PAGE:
Kudichin is a bike-friendly neighbourhood, as there are no large roads, only labyrinthine alleyways. You can also follow the walkway along the riverbank, which leads to the beautifully preserved Kuan An Keng Shrine, which is one of the oldest in Thonburi. Adorned with hand-painted murals and intricate carvings, is an exquisite representation of traditional Chinese architecture.
Kudichin is best known for its light and crumbly, duck egg-based khanom farang, or “foreigner cakes”. When Portuguese settlers first arrived in Ayutthaya, they didn’t have access to dairy or yeast, explains Teepakorn Sudjidjune, the owner of Thanusingha Bakery. As a result, his ancestors had to adjust their traditional sponge cake recipe. Teepakorn uses his great-great grandfather’s original 500-year old recipe, which effectively introduced bread to Thailand. In fact, the Thai word for bread—pang—comes from the Portuguese word pão.
If you come at an opportune time, you can also watch Teepakorn and his family prepare the cakes in the cozy kitchen of their dual home and bakery. It’s a delight to watch the thick, white cake batter being stirred and then poured slowly into the antique baking tray. The cakes are also packaged and distributed to various shops across Bangkok, connecting the rest of the city to this culinary treasure. Each khanom farang is topped with various dried fruits, a Chinese tradition imbued with special significance; the dried persimmon, in particular, promotes good fortune.
Kudichin’s history has become important to even its residents who aren’t of Portuguese descent, like Kanita Sakulthong, whose home-style restaurant Baan Sakulthong showcases a medley of Thai-Portuguese cuisine—from recipes bequeathed to her from her husband’s third-generation grandmother. For Kanita, this is how she preserves her family’s history. Her husband’s grandmother was paralyzed and couldn’t cook anymore, but still wanted to eat the foods she grew up with. So, she instructed Kanita on how to cook these dishes for her. However, she unfortunately passed away before she could share all the recipes she knew with Kanita.
Though Kanita is not of Portuguese descent, her ancestors used to work in the kitchen of the Royal Palace, and those recipes were handed down through the family, including Kanita. Not surprisingly, her restaurant has received local notoriety. In particular, she’s known for her bird-shaped Thai dim dum. Her food has also been featured at food fairs in the city and will continue to be in the future.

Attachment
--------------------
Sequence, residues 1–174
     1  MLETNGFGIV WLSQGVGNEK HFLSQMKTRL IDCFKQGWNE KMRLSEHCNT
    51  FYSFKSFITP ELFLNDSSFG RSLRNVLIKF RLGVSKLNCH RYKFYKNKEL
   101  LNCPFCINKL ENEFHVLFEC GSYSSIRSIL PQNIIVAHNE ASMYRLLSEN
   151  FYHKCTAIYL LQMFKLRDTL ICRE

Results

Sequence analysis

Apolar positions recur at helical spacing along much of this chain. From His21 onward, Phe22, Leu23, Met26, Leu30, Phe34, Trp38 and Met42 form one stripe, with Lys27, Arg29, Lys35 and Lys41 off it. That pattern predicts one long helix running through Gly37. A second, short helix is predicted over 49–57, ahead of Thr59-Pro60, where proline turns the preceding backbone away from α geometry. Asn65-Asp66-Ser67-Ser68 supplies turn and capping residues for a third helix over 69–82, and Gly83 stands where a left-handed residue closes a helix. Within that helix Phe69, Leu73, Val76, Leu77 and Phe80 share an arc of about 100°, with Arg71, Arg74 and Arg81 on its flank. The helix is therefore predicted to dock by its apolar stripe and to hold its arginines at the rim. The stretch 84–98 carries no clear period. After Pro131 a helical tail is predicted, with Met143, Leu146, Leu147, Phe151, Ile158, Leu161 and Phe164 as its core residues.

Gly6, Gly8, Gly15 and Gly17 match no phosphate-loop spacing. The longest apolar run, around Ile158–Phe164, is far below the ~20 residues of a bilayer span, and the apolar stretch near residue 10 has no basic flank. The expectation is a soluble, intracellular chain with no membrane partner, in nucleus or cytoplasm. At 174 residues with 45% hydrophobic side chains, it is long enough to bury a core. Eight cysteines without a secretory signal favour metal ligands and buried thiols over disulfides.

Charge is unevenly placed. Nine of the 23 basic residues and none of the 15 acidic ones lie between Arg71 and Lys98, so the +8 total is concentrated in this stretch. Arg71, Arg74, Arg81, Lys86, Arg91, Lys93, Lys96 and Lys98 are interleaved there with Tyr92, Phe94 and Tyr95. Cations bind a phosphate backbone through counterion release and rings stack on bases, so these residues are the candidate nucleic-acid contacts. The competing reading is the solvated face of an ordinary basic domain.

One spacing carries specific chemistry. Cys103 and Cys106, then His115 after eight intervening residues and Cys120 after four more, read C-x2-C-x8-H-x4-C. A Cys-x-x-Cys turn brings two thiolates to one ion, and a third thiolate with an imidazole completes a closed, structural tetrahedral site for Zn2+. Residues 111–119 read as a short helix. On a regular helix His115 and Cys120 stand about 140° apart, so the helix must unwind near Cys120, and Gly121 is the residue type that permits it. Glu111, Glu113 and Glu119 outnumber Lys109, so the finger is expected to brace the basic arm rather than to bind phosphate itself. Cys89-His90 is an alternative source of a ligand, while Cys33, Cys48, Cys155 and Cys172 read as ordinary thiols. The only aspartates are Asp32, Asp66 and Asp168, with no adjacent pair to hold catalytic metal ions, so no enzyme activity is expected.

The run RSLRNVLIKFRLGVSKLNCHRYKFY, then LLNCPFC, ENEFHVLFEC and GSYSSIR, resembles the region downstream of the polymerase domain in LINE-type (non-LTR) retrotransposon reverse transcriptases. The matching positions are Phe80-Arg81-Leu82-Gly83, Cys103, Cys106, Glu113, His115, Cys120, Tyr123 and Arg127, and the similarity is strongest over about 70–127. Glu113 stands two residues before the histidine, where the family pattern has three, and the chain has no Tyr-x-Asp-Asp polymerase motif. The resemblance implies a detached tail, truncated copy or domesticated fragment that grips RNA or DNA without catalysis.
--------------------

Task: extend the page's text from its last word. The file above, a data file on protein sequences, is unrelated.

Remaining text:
However, her signature dish is khanom jeen, a Thai recipe with a Portuguese twist. According to Kanita, the settlers wanted to have Portuguese food, so their home cooks searched for local ingredients to use for substitutes, swapping white sauce for curry paste and coconut milk, and vermicelli noodles topped with minced chicken in place of potatoes. Another specialty is tommafad, a Thai version of the Portuguese stew cozido, though her version is loaded with spices and served with rice in true Thai fashion. According to Kanita, the Portuguese Ambassador of Thailand praised the dish when he first arrived in Bangkok and dined at her restaurant. She’s also opened her home to Portuguese travellers who’ve likewise complimented the unique authenticity of her cooking.
Kanita is also looking forward to expanding her business in the future. Her restaurant currently requires a reservation beforehand, and she hopes to also one day have a stall in front of her house to sell Thai-Portuguese baked goods. Similarly, Navinee hopes to expand her museum’s upstairs exhibition to include additional translations for foreigners to continue to share this unique culture with both Bangkok residents and visitors from around the world.
Getting to Kudichin can be a schlep, but it’s easy enough aboard the Chao Phraya River Express boat. The most scenic route is to get off at Memorial Bridge and then walk across the river to the Thonburi side. From there, the route is obvious, as you can simply walk in the direction of the Santa Cruz Church, the centrepiece of the Catholic neighbourhood which is visible from every vantage point.
By Allison Nicole Smith